Rachel Dolezal, a transracial woman who was born white but claims to be African-American, has claimed to be “vindicated” by the ongoing Black Lives Matter movement.
“Racially I identify as human, but culturally I identify as black,” she again claimed during a phone interview with the New York Post. “I do hope that we can rework the vocabulary. That’s part of challenging the race world view.”
According to the New York Post, Dolezal legally changed her name to Nkechi Amare Diallo in 2017 but continues to go by her former first name. Dolezal also claims the protests that have sprung up in major cities across the U.S. since George Floyd was killed in May have “vindicated” her own controversy.
“Overwhelmingly, most people I hear from are black or mixed or non-white in some way and a lot of people have said this is your moment, you’re vindicated. I have received hundreds of messages. Most of it’s been overwhelmingly positive,” she said per the report.
The New York Post adds:
She credited a sympathetic 2018 documentary, “The Rachel Divide,” for helping change people’s minds about her.
“The Netflix documentary did help some of the people understand some of the context and backstory. I have received a lot of apologies from people who jumped on the bandwagon on social media,” she said.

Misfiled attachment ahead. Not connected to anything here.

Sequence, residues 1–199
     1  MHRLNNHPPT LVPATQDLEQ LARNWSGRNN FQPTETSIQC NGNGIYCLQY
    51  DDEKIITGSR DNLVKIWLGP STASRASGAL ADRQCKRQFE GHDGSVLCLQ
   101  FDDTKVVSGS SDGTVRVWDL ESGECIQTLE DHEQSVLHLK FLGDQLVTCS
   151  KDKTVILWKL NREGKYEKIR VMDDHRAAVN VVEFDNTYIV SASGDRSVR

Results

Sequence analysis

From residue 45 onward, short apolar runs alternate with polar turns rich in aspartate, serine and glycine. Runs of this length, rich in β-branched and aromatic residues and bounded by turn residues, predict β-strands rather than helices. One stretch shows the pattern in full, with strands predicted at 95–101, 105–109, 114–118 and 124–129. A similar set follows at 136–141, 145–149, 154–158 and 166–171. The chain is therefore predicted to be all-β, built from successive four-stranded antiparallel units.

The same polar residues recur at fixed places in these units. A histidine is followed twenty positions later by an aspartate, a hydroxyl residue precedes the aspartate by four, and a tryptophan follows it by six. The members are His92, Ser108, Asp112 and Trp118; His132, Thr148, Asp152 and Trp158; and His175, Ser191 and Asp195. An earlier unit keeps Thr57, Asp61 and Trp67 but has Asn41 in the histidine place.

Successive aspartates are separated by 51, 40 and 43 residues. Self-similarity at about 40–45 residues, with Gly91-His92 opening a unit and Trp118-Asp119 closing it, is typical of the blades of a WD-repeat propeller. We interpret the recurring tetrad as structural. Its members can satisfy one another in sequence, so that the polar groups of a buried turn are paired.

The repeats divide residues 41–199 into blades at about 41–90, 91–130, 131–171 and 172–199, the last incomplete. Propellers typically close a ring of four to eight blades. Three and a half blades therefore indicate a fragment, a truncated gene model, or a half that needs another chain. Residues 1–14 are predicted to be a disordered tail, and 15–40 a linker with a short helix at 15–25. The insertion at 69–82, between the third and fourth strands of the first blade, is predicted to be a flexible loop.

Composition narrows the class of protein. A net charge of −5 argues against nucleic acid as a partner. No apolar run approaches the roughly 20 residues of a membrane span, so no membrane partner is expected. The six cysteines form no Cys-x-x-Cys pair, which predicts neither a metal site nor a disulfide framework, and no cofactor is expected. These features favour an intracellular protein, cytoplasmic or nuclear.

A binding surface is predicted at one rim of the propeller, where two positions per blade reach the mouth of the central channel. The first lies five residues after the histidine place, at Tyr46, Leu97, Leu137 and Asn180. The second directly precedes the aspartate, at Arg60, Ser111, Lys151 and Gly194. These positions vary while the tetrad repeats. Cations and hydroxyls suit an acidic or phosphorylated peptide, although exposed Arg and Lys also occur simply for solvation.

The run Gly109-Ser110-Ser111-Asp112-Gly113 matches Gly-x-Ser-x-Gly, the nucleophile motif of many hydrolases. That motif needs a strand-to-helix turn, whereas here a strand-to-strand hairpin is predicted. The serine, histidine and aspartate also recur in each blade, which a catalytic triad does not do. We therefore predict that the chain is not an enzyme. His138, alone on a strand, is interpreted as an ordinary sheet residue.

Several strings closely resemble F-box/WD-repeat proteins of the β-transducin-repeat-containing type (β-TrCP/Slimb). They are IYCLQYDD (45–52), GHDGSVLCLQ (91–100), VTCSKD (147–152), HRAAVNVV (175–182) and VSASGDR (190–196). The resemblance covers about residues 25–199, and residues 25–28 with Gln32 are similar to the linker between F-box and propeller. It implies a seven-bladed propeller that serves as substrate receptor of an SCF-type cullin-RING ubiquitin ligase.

In June 2015, Dolezal was claiming to be biracial while serving as president of the NAACP chapter in Spokane when a local news reporter revealed that her parents, Ruthanne and Lawrence Dolezal of Montana, were both white.
As a result of this controversy, Dolezal was removed from her post at the NAACP and ultimately lost her teaching job at Eastern Washington University.
Sales from her 2018 memoir, “In Full Color,” helped, but she was later accused of welfare fraud for not reporting $84,000 in earnings to the state’s Department of Social and Health Services.
As the Daily Wire reports, Dolezal complained to The Guardian in 2017 that she exists on an island of her own when it comes to being transracial.
“There’s no protected class for me. I’m this generic, ambiguous scapegoat for white people to call me a race traitor and take out their hostility on. And I’m a target for anger and pain about white people from the black community. It’s like I am the worst of all these worlds,” she said.
She continued, per the report: “I do think a more complex label would be helpful, but we don’t really have that vocabulary. I feel like the idea of being trans-black would be much more accurate than ‘I’m white’. Because you know, I’m not white. There is a black side and a white side on all kinds of issues, whether it’s political, social, cultural. There’s a perspective, there’s a mentality, there’s a culture. To say that I’m black is to say, this is how I see the world, this is the philosophy, the history, this is what I love and what I honor. Calling myself black feels more accurate than saying I’m white.”